I was just reading Genesis 6–the beginning of the story about Noah.
Most people know the story: Noah, a good man, was tasked by God to build an ark in preparation for the flooding of the earth. In fact, I think we know the story so well, it becomes rote and we do not look deeper.
I tried to look a little deeper this evening. That isn’t to say I am an expert on the story and what is happening between the lines, but I did want to think about this part of Noah’s story a bit.
Chapter 6 is the exposition…the scene is being set and we are being introduced to the people and the reasons for the story. It is easy to gloss through that kind of information.
What grabbed me, though, were two things: 1. an idea that I saw in the study notes of my Bible, and 2. something I kind of got from reading this chapter that reminds me of how God can send us left when we thought we were going in the opposite direction. (Vague…I know.)
The study notes of my Bible brought up the amount of years left on mankind’s clock–120–as an indication of God’s patience. God could have sent the floods whenever He wanted. However, He chose to give Noah, a man God wanted to bless, time to build the ark, and He was also allowing time for people to come to their senses. How often does God just show lengthy stretches of patience with us? I know from my own experience that He watches me walking into walls, letting me get bumped and bruised, but never allowing me to face the full “hurting” that could happen. God is so patient with me, and with all of us. However, when those 120 years are up…they are up.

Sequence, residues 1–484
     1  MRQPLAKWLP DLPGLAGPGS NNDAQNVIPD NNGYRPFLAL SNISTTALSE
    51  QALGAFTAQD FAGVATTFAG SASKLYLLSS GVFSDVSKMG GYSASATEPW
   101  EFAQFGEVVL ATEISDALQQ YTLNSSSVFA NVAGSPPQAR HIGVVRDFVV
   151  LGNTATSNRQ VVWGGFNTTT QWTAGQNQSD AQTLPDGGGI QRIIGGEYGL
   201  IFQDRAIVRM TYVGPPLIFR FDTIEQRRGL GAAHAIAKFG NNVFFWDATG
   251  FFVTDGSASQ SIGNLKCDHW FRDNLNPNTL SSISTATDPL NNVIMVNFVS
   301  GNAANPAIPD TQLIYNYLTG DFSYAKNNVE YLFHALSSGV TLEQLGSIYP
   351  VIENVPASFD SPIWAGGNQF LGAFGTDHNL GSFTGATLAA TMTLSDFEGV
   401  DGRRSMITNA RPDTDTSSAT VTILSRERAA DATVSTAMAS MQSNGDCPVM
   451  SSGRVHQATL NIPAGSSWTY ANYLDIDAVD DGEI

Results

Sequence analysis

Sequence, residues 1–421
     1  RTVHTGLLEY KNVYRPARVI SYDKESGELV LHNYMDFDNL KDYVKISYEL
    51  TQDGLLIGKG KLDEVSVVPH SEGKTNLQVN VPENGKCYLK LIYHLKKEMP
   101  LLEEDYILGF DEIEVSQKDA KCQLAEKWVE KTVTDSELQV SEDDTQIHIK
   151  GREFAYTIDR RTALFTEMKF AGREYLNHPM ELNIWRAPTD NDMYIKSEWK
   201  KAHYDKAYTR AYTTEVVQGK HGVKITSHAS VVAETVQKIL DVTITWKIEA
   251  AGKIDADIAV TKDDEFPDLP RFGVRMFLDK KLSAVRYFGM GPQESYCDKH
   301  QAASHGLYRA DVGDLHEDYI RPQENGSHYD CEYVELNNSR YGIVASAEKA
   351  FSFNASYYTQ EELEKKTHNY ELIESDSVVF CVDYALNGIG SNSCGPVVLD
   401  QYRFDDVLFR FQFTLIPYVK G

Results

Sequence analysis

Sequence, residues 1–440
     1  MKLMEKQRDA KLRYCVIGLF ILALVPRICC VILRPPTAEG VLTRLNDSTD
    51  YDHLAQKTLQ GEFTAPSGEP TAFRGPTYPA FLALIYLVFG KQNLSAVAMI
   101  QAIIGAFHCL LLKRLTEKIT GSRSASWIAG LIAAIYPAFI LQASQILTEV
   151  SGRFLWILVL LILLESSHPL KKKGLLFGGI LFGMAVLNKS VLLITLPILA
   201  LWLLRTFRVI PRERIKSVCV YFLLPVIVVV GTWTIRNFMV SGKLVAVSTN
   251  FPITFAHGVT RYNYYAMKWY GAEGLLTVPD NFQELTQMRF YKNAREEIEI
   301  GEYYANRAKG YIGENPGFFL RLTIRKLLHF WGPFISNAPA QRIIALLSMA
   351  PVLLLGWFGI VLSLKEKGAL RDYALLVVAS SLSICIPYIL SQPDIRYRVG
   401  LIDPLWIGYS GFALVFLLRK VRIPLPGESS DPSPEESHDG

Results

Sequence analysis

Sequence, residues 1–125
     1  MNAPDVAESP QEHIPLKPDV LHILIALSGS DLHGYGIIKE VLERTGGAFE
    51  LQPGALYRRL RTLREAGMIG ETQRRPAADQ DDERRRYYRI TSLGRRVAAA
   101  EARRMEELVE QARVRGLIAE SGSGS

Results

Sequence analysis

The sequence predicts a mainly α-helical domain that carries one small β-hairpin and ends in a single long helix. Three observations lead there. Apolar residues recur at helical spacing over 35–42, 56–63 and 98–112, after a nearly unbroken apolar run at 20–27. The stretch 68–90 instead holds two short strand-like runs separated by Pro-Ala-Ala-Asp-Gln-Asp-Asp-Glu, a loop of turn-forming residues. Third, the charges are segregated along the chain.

Now, for the “something” I got from this chapter. I don’t know if it is because of the present “season” of my life, where I am searching and seeking God on some very specific things, but I started to think about what God was requiring of Noah: A good man, living a blessed life was tasked with building a huge boat…probably not very close to water, and had to warn people of their impending doom. Noah had to prepare animals and family for a long cruise…an event that they chose to believe would happen, even if it meant a leap into the unknown. Noah was mocked, probably told he was a few fries short of a happy meal. But, Noah believed God was true to His command.
It kind of reminds me of Abraham a little. Abraham was told to pick up and leave. Noah was told to build a huge ship and then fill it with animals. Sometimes God asks us to do things that don’t quite make sense, especially when it appears that we are so blessed to begin with. And we can have these feelings, even when we have a willing heart and want to obey.
Sometimes in my mind, I get an image of Noah, red carpenter’s pencil in hand, scratching his head as he measures the boards needed….wondering to himself if he heard God correctly.
The important lesson here, though, is that Noah obeyed, took a journey into the unknown and while still an imperfect man, he was blessed to survive the floods.
Hope this all made sense. Just wrote as I thought things.